Finite vs. non-finite complementation in Post-classical and Early Byzantine Greek

Journal of Greek Linguistics

About a year or so ago, I added Klaas Bentein’s paper from the first issue of 2017 of the Journal of Greek Linguistics to the bibliography at Greek-Language.com (and GreekLinguistics.com). The article treats forms of complementation for verbs in the post-classical and early Byzantine periods. I decided today to write a little more about that article to give you a clearer idea of what it does.

Between the Classical and Hellenistic periods and beyond, there was significant change in the types of complementation used most commonly. In this article, Bentein responds to Cristofaro’s 1996 claim in Discourse Cohesion in Ancient Greek that the Classical opposition between the accusative and infinitive being used for non-factive complements, while ὅτι with either the indicative and the accusative or the participle were used for factive ones, was disappearing in the post-classical era, with ὅτι coming to be used as a ‘generic’ complementiser.

Looking at documentary texts, including papyri, from the first to the eighth centuries CE, Bentein examines several categories of verbs (causative verbs, verbs used to give orders, verbs of perception, verbs of mental state, psychological verbs, and verbs of communication), identifying the complement structures used with each verb type.  He also examines the social contexts represented when each type of complementation is used and sees a shift, or realignment of complement patterns with changes moving in different directions for high status and low status speakers.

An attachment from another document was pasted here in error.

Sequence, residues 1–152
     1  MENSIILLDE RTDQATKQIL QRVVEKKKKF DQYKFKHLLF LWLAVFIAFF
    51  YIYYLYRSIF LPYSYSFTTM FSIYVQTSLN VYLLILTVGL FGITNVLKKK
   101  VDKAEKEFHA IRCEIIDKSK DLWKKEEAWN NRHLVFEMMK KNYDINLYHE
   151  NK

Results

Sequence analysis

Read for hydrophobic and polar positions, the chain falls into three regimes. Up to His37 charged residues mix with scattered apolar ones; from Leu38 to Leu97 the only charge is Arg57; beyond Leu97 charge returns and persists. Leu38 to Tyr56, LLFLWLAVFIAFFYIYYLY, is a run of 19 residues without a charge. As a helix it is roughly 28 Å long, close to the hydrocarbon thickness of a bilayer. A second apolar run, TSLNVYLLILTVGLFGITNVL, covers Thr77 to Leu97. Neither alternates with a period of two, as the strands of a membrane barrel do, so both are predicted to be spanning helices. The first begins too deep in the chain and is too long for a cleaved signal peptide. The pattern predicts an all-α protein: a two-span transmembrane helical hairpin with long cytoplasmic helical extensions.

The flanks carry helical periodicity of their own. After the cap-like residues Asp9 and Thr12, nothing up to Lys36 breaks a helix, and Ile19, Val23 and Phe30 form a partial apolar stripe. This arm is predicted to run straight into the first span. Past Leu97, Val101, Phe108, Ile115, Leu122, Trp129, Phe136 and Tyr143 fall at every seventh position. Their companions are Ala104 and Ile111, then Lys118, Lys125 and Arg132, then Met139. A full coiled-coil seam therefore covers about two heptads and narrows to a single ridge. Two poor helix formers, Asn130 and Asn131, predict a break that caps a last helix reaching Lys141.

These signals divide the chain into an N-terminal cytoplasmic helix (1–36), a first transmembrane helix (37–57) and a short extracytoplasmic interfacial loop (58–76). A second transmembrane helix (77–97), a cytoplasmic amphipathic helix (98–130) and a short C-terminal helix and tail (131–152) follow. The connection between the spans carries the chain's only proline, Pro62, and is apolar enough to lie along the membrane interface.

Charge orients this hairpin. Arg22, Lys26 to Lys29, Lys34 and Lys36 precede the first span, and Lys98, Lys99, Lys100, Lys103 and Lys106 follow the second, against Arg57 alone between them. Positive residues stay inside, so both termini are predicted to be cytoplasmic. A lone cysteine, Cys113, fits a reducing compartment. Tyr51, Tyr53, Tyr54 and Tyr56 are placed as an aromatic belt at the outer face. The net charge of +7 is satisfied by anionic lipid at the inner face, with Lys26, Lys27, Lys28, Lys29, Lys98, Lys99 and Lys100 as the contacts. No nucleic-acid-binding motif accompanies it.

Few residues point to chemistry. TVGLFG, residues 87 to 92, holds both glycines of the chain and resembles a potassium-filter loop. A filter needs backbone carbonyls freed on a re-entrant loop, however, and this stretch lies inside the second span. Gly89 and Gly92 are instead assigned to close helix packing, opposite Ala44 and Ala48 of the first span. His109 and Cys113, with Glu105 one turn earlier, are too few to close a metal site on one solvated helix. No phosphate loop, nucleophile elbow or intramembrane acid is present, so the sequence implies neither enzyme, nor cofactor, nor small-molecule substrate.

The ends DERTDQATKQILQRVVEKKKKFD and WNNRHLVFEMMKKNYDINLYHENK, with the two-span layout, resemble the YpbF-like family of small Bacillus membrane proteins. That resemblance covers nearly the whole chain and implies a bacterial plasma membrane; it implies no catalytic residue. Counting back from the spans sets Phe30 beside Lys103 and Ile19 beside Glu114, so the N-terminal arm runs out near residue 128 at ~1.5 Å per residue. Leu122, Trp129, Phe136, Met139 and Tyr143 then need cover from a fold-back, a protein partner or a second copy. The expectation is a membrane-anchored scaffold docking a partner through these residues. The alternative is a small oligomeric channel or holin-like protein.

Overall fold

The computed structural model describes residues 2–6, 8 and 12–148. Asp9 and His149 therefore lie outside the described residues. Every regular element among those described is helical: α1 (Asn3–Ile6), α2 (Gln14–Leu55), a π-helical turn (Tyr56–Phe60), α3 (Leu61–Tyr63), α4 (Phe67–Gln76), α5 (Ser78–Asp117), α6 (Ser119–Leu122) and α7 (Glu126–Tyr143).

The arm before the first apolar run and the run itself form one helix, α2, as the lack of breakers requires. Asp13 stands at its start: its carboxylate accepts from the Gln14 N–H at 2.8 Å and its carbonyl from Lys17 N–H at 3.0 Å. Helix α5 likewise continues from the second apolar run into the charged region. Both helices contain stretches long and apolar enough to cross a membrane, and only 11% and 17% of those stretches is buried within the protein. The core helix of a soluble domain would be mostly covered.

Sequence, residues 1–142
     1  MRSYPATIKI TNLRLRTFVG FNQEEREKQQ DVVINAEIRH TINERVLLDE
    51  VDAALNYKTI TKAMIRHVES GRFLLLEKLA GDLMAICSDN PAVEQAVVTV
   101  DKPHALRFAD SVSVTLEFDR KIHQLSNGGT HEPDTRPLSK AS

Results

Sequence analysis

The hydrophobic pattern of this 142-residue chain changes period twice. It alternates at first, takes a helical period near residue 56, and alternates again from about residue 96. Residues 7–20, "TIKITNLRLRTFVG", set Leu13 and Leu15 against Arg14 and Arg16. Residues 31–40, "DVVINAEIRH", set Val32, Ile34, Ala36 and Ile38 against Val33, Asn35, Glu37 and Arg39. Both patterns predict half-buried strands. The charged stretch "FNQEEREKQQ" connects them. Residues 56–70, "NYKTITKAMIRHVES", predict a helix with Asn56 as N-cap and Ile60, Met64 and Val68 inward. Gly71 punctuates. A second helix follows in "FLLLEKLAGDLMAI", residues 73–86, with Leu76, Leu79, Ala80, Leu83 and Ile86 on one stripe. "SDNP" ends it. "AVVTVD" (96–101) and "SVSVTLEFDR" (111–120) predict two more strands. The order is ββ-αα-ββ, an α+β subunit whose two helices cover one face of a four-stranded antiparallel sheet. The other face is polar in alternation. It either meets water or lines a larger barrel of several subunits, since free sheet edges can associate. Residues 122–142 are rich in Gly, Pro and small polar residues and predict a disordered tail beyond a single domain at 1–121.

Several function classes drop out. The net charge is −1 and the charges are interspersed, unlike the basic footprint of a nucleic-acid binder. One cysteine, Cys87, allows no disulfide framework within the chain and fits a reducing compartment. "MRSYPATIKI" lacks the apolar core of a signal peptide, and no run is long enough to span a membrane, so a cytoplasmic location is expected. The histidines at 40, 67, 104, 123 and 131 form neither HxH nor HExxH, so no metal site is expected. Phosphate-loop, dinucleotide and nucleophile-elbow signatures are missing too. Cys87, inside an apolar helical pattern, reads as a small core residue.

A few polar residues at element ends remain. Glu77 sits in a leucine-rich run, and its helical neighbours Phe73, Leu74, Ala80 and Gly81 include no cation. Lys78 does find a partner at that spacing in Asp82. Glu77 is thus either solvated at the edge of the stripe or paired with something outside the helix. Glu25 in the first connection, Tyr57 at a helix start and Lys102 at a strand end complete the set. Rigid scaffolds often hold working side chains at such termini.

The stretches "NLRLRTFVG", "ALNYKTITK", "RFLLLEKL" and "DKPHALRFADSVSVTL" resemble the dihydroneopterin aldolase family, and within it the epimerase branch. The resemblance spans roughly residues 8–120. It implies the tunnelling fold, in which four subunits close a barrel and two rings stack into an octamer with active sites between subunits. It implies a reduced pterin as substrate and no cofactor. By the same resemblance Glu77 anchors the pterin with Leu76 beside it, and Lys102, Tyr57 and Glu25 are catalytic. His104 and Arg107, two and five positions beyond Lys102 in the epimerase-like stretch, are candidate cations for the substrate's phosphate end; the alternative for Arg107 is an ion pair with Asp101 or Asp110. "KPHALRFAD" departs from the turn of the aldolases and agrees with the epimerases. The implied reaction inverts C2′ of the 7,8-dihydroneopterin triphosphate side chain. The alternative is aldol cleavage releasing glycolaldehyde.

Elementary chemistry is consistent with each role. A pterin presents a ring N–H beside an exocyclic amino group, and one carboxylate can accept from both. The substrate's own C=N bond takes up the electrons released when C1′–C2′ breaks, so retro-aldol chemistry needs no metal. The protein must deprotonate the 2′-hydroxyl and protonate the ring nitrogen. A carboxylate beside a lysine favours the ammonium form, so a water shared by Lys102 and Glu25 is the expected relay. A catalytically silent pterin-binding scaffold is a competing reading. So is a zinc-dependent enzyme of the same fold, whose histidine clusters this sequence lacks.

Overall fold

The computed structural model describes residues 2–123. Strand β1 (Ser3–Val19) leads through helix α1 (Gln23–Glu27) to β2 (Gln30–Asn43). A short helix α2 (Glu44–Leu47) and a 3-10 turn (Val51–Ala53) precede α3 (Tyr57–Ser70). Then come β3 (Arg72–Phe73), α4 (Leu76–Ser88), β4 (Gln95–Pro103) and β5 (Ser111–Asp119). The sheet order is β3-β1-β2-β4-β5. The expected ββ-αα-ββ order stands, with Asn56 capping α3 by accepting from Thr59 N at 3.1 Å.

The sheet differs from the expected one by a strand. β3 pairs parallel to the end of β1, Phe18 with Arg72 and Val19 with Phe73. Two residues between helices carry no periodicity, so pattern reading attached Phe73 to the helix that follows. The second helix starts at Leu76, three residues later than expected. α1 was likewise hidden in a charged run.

If you are interested in the social status of various forms of speech or in the historical development and change in forms of complementation, you should enjoy Bentein’s article.

PDFIf you decide you’d like to read the entire paper, click the read button to go to where it’s posted on Brill’s site.

The Persistence of Dialect and the Diffusion of Koine

I have added the following article to the bibliography here at Greek-Language.com.

  • Vit Bubenik, “The Persistence of Dialect and the Diffusion of Koine,” Studies in Greek Linguistics 29 (2009) pp. 315-324.

Bubenic traces the parallel diffusion of the Hellenistic Koine and reduction of other ancient dialects. He cites documentation from Arcadia for the decline of the local dialect and the rise of three ‘high’ Koine varieties: general Hellenistic Koine, Achaean Doric Koine, and the North-West Doric Koine.  He argues that  writers and speakers moved on a continuum between the ‘high’ and ‘low’ varieties of the language in an increasingly diglossic society, and explains the ‘choice’ between the high and low varieties in terms of ‘domain’ of language use.

Studies in Greek Linguistics is an online journal hosted by the Aristotle University of Thessaloniki. You can read Bubonic’s article online there.